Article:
Sunday. My tía decided to treat us in Tatoy’s Manokan and Seafoods. Tatoy’s is perhaps the most popular and biggest restaurant in Iloílo. It is located in Villa de Arévalo, along Baluarte-Calumpang-Villa-Oton Boulevard near the John Lacson Maritime University campus. My aunt could still recall how the restaurant used to look like, huts of bamboos and nipas, before it became a hit. President Macapagal Arroyo, who married an Ilongo, dines in Tatoy’s when she’s in town.
The main attraction is their lechón manóc. They only cook native chickens, marinated in a secret mixture. Darág (or labuyò in Tagalog) are served with their heads intact. They also dish up binacól, again, native small chicken, cooked in coconut juice. Native chicken is tastier but a bit tougher compared to the market variety. In the Visayas, the demand for darág grows every year as people have started to discover its distinctive taste.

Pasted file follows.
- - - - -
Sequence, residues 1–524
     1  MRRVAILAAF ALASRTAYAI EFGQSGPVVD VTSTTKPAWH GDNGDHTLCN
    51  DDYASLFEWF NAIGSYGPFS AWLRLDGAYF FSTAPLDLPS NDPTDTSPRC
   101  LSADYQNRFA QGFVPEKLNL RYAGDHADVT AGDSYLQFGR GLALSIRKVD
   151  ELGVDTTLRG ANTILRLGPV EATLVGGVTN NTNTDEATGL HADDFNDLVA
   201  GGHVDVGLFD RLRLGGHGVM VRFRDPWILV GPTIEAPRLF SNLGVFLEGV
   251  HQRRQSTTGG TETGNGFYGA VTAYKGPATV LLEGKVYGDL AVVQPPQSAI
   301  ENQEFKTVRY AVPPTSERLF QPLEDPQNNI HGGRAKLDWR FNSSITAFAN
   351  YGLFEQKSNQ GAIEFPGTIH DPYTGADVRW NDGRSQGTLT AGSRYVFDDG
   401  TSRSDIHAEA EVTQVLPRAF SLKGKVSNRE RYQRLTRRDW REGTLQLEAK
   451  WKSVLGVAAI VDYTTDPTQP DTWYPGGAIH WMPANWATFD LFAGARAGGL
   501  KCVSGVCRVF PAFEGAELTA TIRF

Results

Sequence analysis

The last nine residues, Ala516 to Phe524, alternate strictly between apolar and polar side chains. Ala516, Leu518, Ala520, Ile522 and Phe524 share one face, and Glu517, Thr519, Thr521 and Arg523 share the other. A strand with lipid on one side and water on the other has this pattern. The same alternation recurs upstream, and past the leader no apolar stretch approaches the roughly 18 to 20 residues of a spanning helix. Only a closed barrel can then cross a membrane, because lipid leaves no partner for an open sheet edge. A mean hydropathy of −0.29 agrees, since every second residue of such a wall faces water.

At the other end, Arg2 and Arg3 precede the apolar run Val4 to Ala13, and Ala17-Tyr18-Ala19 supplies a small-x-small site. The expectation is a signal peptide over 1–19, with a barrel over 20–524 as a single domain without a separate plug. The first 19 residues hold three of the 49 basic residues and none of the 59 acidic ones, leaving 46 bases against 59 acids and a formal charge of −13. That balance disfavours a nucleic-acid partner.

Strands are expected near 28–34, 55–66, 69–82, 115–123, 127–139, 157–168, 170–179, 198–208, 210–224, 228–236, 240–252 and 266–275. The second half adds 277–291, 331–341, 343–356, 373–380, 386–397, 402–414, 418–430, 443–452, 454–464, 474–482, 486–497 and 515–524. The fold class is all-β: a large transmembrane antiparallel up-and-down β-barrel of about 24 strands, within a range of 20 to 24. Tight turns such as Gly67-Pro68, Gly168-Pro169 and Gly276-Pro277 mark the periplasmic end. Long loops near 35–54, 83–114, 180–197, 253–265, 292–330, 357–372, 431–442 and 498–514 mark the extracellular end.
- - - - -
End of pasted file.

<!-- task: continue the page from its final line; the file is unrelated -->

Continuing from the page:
There are beach huts near the shore, facing Guimarás, that are available for dining. The main restaurant is not paved; they retained the beach brown sand as flooring. This offers customers the old dining experience of Tatoy’s. There are air-conditioned rooms that are provided for no additional cost. Aside from being a manocan (spelled with an “o”), Tatoy’s serves great seafood — I saw people with plate full of talabá and freshly grilled bañgús and maya-maya. The kinilaw (white fish meat with vinegar, mango, and sili), lucon-lucon, scallop, pasayan (sigáng) and valenciana are some of the other dishes that were served that day. Tatoy’s true appeal is its original Ilongo cooking – people wanting to experience genuine Ilongo food go here.